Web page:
Day 1: Distance travelled 10kms. Total ascent 48m
Weather: Clear, dry and hot. Est: 28 degrees
Every year, thousands of ‘pilgrims’ journey along the Way of St James, a collection of pilgrimage routes to Santiago, marked by the yellow arrow flecha amarillo. Pilgrims like us undertaking a mixture of both inner and outer journeys, of discovery and of reflection. We begin our journey today – somewhat hesitantly as we meet other pilgrims who have been on the road for several days or weeks already – dusty, weary and nursing blisters and sore feet! What will our journey over the next three weeks bring? Have we prepared enough? Are we carrying too much? Are our shoes fitting well? GrandpaBear has already made the decision to package up 3kg of “extras” and post them ahead to Santiago, so we have a leisurely start to the day waiting for the post office to open.
“When preparing to travel, lay out all your clothes and all your money. Then take half the clothes and twice the money.” Susan Hellar
As we wait in the village square, and older man comes up and strikes up conversation in Spanish…it therefore wasn’t as much a conversation as us trying to understand. He enthusiastically welcomes us and wishes us buen camino. It transpires that he is a roaming troubadour who travels the Camino playing in various towns and has completed four Caminos himself. Thereafter, it only took a couple of hours for us to learn the camino salute – a simple “hola – buen camino” that is said when passing any fellow pilgrim, and said to you by most passing Spaniards. It all adds to the sense of being part of something much larger than your own journey.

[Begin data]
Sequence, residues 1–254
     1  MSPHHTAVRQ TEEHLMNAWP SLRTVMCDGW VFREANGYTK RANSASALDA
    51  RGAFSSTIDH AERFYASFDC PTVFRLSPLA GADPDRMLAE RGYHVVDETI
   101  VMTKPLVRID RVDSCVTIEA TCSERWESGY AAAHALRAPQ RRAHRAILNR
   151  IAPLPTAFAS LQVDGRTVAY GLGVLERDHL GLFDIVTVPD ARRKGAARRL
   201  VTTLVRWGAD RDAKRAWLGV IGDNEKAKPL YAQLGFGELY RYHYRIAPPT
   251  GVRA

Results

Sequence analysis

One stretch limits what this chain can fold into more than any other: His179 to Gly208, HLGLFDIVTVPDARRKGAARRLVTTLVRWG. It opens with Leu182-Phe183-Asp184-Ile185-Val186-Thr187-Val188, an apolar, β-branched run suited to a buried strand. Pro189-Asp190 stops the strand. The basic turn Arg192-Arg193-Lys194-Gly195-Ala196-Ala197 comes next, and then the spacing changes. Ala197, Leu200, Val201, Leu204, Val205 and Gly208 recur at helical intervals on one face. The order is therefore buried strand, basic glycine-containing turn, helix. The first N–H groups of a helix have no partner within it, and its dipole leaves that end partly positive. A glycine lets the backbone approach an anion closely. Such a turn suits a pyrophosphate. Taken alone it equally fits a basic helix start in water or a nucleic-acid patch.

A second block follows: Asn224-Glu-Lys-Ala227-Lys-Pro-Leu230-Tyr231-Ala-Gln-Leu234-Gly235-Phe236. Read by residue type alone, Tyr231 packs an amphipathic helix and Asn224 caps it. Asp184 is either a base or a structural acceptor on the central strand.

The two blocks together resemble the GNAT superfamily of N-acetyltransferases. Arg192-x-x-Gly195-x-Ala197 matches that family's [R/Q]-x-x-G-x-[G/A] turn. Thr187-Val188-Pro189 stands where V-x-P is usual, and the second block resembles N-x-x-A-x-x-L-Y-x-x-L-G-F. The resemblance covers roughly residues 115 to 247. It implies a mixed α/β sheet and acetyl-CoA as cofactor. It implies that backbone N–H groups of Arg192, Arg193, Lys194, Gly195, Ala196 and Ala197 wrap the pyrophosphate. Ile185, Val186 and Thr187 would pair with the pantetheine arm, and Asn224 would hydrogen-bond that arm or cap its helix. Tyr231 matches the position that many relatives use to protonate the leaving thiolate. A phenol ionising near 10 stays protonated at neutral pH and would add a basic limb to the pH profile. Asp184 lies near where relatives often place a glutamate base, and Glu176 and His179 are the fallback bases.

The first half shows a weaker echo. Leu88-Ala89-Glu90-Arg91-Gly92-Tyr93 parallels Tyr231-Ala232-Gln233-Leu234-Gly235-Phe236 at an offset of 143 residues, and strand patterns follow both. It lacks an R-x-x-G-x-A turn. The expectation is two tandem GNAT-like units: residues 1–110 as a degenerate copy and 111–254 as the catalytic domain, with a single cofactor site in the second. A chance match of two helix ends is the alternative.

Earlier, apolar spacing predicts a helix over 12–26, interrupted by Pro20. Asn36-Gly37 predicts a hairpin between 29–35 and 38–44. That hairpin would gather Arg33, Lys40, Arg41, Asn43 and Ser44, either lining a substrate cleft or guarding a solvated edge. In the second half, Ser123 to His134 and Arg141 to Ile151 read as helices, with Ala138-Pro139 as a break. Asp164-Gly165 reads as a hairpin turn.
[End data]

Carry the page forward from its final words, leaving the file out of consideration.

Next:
The Camino ultimately concludes in Santiago, the total distance being completely dependent on which path is taken. The main route we are journeying on covers over 900kms from France, across Northern Spain. We have joined the Camino at Astorga meaning we will cover approximately 300kms in the next three weeks. Accommodation is available for pilgrims in a range of albergue, hostales and refugios. A night’s shelter typically costs from 3 to 10 Euros per person, or in some places whatever you want to give, and they can be found every 5-10 kilometres along the Way. To stay in one of these places, the pilgrim must have a pilgrim passport credential which is stamped at each hostel with a rubber stamp cello. This ensures you have come a realistic distance from your last stop (no cheating by jumping in a taxi without being caught out!). Today is a very modest start to break us all in gently. As MBoy10 said.. “we are pilgrims in progress now!”.
Many of the waymarkers have the distinctive yellow scallop shell to guide you along the Way, or may be a simple yellow arrow painted on the ground or the side of a building, or may even be a collection of stones on the path and are distributed surprisingly frequently along the pathway, and through the towns. Should you hesitate to discern the correct direction, a friendly local is sure to call out a welcome and point the way out to you. It would appear impossible to get lost. However, today was an easy start, a short distance, relatively flat and a simple path. There are many kilometers to come! But so far, buen camino!
We arrive in Santa Catalina in time for a late lunch, and make the decision not to travel on to the next town, but to allow everyone a quiet afternoon to catch up on journals and rest before anyone gets truly weary. The village apparently only has a population of 50 so it doesn’t take long to wander around this small but picturesque ‘town’. There are actually several albergue in the village, we decide upon the one in the middle of the “town”, a lovely stone building with a spotless bunk room that we all fit in. The children spend the afternoon playing in the playground and the rest of us catch up on blogs, journals and washing – along with a quick tour of the village.
We experience our first “pilgrim meals” at the albergue – and order several variations and end up with a combination of soup, salad, pork/chicken/veal cutlets with chips, and fruit and ice-cream. A simple but tasty meal which leaves us all satisfied and ready for bed. The change of pace from racing around Paris is a marked and welcome change. After dinner we sit outside at the tables on the pavement by the albergue and contemplate tomorrows journey. All in all, a fantastic first day on the Camino.